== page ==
“I’m feeling great,” Castro says. “It’s a combination of adrenaline and cautious optimism. I feel very good that we’ve put in a lot of hard work. But then you never know when the people go vote. I’m very hopeful we can win it on May 9.”

With the city facing a projected $11-million shortfall next year, and navigating its way through a national recession, the next mayor will not have the luxury of pursuing the kind of activist agenda that characterized Hardberger’s tenure.

Castro says the projected shortfall is not daunting, but will require some tough decisions. “The budgetary circumstances necessitate caution and discretion in terms of our spending,” he says. “There’s no question that in fiscal year 2010, we’re not going to be able to allocate resources the way that I would like to for different initiatives. Hopefully, starting in 2011, we can do more of that.”

Aware that the local business community viewed him with suspicion in 2005, he lined up key business endorsements early, and took pains to describe himself as a strong advocate of economic development. Both Cibrian and Deberry-Mejia attempted to raise doubts in the business community by noting that he’s received the endorsement of the influential Service Employees International Union.

“I believe that the other candidates are just trying to find any wedge to use and, to a certain crowd, just saying the word ‘union’ makes their blood boil,” Castro says. “And the candidates are hoping to curry favor with that crowd. I’ve said that I’m going to make sure that San Antonio is business-friendly, but I’m going to listen and work with everyone. I’m not going to villify one group just to curry favor with another group. That’s not the way that Mayor Hardberger has served as mayor, or any good leader is able to lead. The other candidates are trying to pit people against each other in an unsavory way.”

Castro says he’s proud of his council record, pointing to infrastructure improvements for the Jefferson/Woodlawn area after the devastating 2002 flood, and campaign-finance reform intended to restore confidence in city government in the wake of bribery scandals that drove John Sanders and Enrique “Kike” Martin from the Council.

“I was not very popular with my colleagues when I was on the Council, because I was willing to take them on,” he says. “One of the things that happens when politicians serve on a body together is there’s a certain amount of chumminess, and an unwillingness to hold your own colleagues accountable. Obviously, folks have to build up relationships so they can work well together. But when colleagues do things that don’t serve their constituents, but serve themselves, people need to call them out on that, and I did that.”

In the minds of most observers, the 2005 campaign began slipping away from Castro when his twin brother, State Representative Joaquin Castro, appeared at Fiesta River Parade, while Julián attended a neighborhood forum. Some observers, including mayoral contender Carroll Schubert, suggested that Castro had tried to deceive voters by sending his brother in his stead. The charges never made much sense, because only a reckless fool would attempt such a ruse in front of other council members, and even Castro’s critics would never call him a fool.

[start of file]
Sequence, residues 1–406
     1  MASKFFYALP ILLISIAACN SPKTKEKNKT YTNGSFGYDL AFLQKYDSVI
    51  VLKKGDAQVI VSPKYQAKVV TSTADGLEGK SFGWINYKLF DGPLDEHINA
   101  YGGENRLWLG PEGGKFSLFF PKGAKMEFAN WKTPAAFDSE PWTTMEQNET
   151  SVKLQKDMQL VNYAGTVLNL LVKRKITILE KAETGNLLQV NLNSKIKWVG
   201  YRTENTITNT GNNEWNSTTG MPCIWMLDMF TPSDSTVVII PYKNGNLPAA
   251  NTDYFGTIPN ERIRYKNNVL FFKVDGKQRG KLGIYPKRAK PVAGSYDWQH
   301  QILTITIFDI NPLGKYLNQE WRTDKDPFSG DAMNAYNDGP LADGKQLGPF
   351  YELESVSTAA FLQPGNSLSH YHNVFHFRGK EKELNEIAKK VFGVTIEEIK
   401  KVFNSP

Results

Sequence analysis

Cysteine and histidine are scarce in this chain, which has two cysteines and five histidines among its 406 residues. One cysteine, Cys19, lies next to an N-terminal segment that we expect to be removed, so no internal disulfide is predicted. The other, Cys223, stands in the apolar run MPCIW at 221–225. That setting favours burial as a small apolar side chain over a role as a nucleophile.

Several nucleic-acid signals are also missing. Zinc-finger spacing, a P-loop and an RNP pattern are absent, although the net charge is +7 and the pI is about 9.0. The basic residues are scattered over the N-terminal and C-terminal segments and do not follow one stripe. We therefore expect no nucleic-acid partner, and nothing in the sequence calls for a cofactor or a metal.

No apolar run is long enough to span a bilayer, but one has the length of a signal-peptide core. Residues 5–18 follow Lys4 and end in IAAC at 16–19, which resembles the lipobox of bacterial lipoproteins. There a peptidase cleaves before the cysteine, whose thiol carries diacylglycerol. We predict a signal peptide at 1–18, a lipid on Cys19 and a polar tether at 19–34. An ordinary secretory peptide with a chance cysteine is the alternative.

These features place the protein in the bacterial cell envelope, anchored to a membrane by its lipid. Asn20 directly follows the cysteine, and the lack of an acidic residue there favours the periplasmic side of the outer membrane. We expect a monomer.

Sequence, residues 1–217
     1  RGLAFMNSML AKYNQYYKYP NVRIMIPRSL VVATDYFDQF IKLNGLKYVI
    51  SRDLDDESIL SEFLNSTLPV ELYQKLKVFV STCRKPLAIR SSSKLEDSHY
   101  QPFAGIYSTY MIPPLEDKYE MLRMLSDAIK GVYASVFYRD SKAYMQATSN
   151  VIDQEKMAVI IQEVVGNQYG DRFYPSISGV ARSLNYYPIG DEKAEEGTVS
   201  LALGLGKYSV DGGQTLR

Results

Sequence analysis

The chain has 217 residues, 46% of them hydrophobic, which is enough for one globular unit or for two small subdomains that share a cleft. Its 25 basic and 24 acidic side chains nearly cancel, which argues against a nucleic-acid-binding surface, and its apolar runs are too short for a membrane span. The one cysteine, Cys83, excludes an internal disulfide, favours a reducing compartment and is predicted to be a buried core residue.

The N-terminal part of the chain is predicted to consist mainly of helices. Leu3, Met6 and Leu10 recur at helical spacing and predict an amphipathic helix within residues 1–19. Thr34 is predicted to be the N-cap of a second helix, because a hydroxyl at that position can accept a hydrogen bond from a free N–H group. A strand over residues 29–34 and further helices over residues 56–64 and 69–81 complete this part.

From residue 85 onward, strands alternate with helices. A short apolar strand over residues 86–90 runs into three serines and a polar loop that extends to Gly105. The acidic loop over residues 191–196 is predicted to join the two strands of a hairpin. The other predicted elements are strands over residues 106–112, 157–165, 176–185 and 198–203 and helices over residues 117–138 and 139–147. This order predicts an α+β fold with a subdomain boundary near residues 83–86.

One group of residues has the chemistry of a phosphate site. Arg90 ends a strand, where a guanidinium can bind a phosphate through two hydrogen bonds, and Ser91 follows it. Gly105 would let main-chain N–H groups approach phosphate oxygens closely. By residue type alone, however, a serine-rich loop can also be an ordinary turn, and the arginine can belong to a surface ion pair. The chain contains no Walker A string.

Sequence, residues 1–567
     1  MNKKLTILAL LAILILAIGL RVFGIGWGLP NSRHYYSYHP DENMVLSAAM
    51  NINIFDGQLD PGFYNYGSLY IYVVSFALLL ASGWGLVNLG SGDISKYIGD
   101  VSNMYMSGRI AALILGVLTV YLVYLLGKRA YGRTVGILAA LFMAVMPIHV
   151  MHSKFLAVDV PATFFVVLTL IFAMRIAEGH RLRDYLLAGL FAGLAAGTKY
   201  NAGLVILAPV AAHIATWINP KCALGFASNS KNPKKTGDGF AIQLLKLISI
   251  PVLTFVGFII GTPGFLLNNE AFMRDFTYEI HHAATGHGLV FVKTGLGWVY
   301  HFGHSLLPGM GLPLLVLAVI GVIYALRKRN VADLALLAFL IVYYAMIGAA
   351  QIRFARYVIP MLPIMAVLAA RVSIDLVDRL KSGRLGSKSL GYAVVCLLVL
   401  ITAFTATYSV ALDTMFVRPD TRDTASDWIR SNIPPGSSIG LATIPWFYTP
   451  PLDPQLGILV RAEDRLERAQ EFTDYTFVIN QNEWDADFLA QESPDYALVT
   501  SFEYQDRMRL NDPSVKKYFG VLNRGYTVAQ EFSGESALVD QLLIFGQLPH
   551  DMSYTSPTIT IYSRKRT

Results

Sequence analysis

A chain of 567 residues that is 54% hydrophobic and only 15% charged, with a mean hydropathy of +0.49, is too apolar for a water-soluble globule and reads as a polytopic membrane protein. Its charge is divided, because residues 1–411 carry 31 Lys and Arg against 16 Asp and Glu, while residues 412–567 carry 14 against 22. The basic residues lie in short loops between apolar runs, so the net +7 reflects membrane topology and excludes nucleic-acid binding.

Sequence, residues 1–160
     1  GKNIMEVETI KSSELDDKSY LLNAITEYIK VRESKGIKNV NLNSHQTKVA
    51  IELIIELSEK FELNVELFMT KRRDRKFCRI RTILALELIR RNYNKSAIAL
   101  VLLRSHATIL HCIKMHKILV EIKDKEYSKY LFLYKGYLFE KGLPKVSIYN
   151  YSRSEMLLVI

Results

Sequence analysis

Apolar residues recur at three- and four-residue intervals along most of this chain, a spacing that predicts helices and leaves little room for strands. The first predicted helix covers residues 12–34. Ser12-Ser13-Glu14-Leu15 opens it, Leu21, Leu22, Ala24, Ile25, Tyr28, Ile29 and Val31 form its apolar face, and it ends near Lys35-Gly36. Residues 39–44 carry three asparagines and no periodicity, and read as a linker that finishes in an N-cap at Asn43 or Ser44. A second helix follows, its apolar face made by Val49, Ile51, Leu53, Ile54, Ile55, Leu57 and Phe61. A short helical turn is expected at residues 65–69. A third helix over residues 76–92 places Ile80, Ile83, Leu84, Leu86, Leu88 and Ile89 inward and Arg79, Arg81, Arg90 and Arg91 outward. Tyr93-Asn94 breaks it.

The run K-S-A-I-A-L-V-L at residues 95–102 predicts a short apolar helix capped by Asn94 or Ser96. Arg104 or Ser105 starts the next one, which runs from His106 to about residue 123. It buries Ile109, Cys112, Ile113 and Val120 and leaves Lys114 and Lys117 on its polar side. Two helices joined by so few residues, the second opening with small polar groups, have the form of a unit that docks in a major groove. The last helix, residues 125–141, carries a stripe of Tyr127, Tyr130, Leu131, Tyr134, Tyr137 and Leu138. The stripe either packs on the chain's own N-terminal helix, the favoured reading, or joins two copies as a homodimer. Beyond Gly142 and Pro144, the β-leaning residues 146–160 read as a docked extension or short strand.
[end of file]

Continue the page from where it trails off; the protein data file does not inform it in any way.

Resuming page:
The true nadir of Castro’s campaign came later, when he pandered to Schubert’s conservative constituency during a fierce runoff battle with Hardberger, by accusing the former Fourth District Court of Appeals judge of releasing sex offenders and murderers during his time on the bench. Given Castro’s oft-repeated devotion to positive campaigning, this attack strategy smacked of electoral desperation induced by Hardberger’s surging poll numbers.

Castro defends the attacks by stating that they were consistent with the tenor of that tough campaign.

“Both campaigns engaged in some negative campaigning that year, unfortunately,” he says. “So I wouldn’t say that I regret it. It was the heat of a campaign. I don’t think it ever got personal, from me or from him. Obviously, the campaign didn’t turn out the way that I wanted it to, but I don’t know if it was that component or another component that did it. I just think we were swimming upstream in 2005. I think youth had a bad name at that time, and I was very young.”

Given Castro’s bad luck with the 2005 runoff, the March entrance of Sheila McNeil in this year’s race should have been a major cause for concern. The immediate assumption among local political observers was that the presence of a fourth major contender in the race would make a runoff likely. That scenario seems much less probable today, because McNeil’s presence in the race has bewildered all but her most devoted followers. Regularly missing opportunities to debate her opponents, and lacking a compelling message, she’s run a campaign that feels more like an act of self-indulgence than a committed effort to provide a new vision for the city.

It speaks poorly for McNeil’s two terms on the Council that the candidates vying to fill her District 2 seat uniformly describe her as inaccessible and impulsive. Dianne Green, former president of the Dignowity Hill Neighborhood Association, says McNeil first alienated her constituents by supporting the 2006 painting of a mural on the Nolan Street bridge underpass, as part of that year’s Clogged Caps Aerosol Art Festival. Green says McNeil made little effort to inform neighborhood residents about the project in advance.

“As it turns out, this became a standard modus operandi, to do the minimal amount that she has to do to contact people in the neighborhood before she does something,” Green says. “I found this to be true on a number of issues that came up in the neighborhood. She’d engage in a neighborhood meeting and get the response of the neighborhood, and then ignore the neighborhood.”

The chorus of opposition only grew louder when McNeil unilaterally pushed for the sale of Healy-Murphy Park to a private developer for the purpose of building a hotel.

Green says McNeil’s “solution to problems is almost non-negotiable.” She adds that at a neighborhood meeting, McNeil “just totally frustrated everybody. She was ready to have the meeting over, because her time was valuable and she had to go teach her class at UTSA.

“I don’t know what made her think she should run for mayor. I wouldn’t nominate her for a neighborhood association, much less to run the city. She doesn’t have the ability to build consensus, and she makes people feel like they’ve been roughshod over in her desire to achieve whatever goal she has.”